10 Reasons Why the EU Browser Deal Will Bring Down Internet Explorer

By Don Reisinger  |  Posted 2009-12-16

10 Reasons Why the EU Browser Deal Will Bring Down Internet Explorer

The European Union announced Dec. 16 that it has officially dropped charges against Microsoft after the software giant agreed to give consumers the option to use up to 12 different browsers in Windows. It's a major victory for those who have fought Microsoft's practices. It's also good news for Internet Explorer competitors such as Mozilla and Opera Software that have been fighting to take market share away from Microsoft's browser.

But it's bad news for Microsoft. The company really had no other option but to work out a deal with the European Union. Microsoft knew that no matter the outcome, it wouldn't help Internet Explorer solidify its position as the leader in browser market in Europe and elsewhere.

As Mozilla's Firefox browser continues to capture more of the market and Google's Chrome OS quietly chips away at IE's share, the European Union defeat is looking like a major problem for Microsoft. It likely won't be the end of Internet Explorer, but it could certainly lead to the end of IE's dominance. Here's why:

1. Windows was a key to its success

One of the main reasons Internet Explorer has been such a success is Windows. By bundling the browser with the operating system, Microsoft made it so users didn't have to think twice about getting onto the Web. Once an Internet connection was ready, they only needed to open Internet Explorer and surf to their favorite sites. Those days are now gone. And so is Internet Explorer's built-in advantage.

2. The choices keep coming

There is no shortage of viable alternatives to Internet Explorer. Firefox has its extensions. Opera has its usability. Chrome has its speed. Safari has Apple's reputation. There are so many good choices on the market that Internet Explorer, with its sometimes suspect performance, is being recognized as a less-than-ideal option.

3. Internet Explorer is having some trouble

Speaking of which, Internet Explorer has faced some serious PR problems in the past couple of years that have hindered its growth. Too often, the browser has been cited as an entryway for malware. And considering the fact that Internet Explorer lacks the sheer number of add-ons that users can find in Firefox, it's no wonder that folks are switching browsers.  

4. Google is making Chrome part of its strategy

Unlike any other company, Microsoft is deathly afraid of what Google can do. Google knows it. And the search giant has its sights firmly set on Microsoft's core businesses. A key component in that strategy is Chrome. Google realizes that all of its future goals hinge on the success or failure of its browser. That's why it has released Chrome for Mac OS X. It's also why its new operating system is based on Chrome. The world is waiting on Chrome, not Internet Explorer.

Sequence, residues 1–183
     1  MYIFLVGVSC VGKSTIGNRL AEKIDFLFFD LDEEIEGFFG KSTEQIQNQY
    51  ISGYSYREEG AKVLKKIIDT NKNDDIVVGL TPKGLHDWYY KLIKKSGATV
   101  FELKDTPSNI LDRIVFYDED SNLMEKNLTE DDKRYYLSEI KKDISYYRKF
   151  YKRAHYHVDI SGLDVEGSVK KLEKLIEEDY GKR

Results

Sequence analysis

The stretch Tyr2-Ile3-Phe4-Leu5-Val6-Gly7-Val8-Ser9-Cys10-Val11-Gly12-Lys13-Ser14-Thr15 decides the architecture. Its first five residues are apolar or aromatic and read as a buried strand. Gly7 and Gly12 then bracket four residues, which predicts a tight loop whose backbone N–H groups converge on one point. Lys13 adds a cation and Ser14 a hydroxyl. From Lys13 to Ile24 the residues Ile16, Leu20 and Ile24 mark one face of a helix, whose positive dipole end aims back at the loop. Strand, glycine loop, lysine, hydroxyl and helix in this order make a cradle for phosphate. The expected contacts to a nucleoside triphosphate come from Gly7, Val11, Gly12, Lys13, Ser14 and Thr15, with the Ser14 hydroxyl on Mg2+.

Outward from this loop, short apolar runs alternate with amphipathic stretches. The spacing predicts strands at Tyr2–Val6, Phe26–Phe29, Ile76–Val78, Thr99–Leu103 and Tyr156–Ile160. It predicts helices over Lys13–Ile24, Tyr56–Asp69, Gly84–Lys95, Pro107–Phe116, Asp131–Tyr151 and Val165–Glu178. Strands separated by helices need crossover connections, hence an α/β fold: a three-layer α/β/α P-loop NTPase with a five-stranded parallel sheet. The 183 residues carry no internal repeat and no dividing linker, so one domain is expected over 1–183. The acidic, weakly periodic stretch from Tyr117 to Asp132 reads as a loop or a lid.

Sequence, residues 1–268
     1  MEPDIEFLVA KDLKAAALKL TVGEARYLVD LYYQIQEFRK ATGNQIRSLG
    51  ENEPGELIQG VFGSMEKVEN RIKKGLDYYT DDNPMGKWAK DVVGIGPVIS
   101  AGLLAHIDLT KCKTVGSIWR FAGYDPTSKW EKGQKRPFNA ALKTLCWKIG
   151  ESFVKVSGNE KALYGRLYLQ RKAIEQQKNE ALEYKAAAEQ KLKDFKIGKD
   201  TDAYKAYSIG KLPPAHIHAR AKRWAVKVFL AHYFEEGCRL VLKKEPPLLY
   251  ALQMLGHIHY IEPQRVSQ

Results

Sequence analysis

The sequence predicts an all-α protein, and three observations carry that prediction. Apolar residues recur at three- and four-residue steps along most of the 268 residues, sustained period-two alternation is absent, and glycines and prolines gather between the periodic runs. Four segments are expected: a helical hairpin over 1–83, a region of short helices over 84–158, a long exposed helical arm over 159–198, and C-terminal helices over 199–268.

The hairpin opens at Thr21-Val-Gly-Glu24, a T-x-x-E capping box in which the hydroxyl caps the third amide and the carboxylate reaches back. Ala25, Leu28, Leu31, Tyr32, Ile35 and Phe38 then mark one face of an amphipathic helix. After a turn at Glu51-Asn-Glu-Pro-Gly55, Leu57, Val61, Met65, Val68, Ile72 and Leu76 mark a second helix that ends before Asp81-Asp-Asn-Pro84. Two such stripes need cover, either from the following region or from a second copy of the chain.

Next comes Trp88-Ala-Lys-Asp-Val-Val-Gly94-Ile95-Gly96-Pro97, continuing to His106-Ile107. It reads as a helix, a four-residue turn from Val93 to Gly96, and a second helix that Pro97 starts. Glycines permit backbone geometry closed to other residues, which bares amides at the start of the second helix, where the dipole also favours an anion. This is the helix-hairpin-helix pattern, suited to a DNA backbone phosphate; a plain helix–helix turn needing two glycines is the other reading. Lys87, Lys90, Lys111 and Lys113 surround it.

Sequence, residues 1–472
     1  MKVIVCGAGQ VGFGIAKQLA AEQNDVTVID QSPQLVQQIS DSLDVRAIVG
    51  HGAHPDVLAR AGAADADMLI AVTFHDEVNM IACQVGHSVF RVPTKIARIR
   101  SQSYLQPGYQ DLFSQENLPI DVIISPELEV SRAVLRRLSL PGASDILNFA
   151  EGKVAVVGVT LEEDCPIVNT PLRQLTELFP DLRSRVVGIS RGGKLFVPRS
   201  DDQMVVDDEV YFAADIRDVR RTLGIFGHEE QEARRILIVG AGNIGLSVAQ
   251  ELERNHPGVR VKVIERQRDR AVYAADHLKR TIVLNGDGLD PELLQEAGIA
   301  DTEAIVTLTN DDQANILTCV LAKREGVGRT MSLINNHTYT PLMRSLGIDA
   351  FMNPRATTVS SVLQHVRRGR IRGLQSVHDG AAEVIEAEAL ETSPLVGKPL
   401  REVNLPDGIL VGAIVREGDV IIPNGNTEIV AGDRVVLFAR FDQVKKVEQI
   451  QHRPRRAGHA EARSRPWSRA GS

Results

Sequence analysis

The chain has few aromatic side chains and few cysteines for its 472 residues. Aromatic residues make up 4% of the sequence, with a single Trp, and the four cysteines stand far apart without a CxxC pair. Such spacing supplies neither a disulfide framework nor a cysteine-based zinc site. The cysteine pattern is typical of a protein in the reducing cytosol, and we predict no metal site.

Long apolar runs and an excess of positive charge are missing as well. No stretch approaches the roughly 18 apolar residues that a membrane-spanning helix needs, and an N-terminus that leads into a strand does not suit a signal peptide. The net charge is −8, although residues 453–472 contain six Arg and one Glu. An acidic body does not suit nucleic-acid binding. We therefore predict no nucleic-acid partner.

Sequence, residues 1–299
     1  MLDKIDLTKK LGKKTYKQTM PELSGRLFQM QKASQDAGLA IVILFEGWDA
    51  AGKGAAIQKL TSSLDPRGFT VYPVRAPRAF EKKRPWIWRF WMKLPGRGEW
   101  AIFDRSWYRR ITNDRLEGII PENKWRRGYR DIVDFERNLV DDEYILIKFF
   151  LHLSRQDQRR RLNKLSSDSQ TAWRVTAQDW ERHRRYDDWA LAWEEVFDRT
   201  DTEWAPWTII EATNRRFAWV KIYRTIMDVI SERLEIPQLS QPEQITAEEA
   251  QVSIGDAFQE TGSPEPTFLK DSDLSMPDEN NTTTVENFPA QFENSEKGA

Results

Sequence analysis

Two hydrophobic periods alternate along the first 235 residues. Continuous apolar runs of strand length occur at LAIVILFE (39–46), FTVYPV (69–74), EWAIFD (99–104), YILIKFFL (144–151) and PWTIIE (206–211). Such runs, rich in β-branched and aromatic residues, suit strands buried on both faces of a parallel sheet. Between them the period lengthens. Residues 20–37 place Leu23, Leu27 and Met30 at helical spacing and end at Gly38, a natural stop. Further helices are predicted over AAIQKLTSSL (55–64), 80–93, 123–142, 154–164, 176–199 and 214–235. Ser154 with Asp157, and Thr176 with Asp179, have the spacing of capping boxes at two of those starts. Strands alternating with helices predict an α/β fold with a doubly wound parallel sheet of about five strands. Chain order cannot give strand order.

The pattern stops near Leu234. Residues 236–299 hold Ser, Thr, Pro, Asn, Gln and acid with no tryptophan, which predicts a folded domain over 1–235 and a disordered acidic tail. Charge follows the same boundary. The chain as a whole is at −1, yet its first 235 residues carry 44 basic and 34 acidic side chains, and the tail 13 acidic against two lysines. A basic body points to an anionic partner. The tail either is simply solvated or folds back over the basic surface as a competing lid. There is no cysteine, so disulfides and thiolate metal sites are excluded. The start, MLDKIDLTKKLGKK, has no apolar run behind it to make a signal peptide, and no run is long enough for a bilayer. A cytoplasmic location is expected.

The Competition Gets Tougher

5. Firefox is quickly becoming a household name

A few years ago, most folks probably didn't know Mozilla or its Firefox browser. But today, all that has changed. A growing number of users are downloading Firefox after realizing that it provides a great browsing experience. In the meantime, it's Internet Explorer that's suffering. Looking ahead, the chances of that changing are slim. Firefox is gaining more and more popularity, and there's nothing Microsoft can do about it.

6. Internet Explorer doesn't match up well

Following that, it's important to realize that Internet Explorer doesn't compare well with the competition. The browser is slower than Chrome and Safari. It's a little less user-friendly than Opera. And Mozilla's lineup of add-ons easily eclipses anything Microsoft offers. Some might be hard-pressed to find an area where Internet Explorer holds a decisive advantage.

7. The Apple effect

Now that Safari is being offered on both Mac OS X and Windows, it's slowly gaining ground in the browser market. That's no coincidence. People know and trust Apple products. When they hear that Apple has offered up a simple yet speedy browser for Windows, they want to try it out. Apple is an extremely powerful brand in any tech-related market. That's hurting Microsoft.

8. Regulators are still gunning for Microsoft

Just because Microsoft cut a deal, it doesn't mean that the company is out of the woods yet. The European Union will be monitoring Microsoft's browser practices to make sure it holds up its end of the bargain. If it doesn't, you can bet regulators will unleash a firestorm on Redmond. For that matter, you can expect that either way regulators, especially in Europe, will be keeping an eye on Microsoft.

9. The online OS isn't so far away

Chrome OS might totally change the way people view browsers. Google's operating system is still about a year away and it will be designed for netbooks, but there's a real chance that, if successful, Chrome OS could have a major impact on the browser market. And Microsoft will be left wondering where all the users went.

10. The changeover will be easy

Switching from Internet Explorer to another browser will be painless for most users. That's a problem for Microsoft. The most successful products in any market have locked down key success factors that are extremely difficult to either improve upon or match. Internet Explorer falls short in that category, making the competition easily able to match anything Microsoft offers up.

The future doesn't look so bright for Internet Explorer. And, so far, Microsoft has done little to change that.

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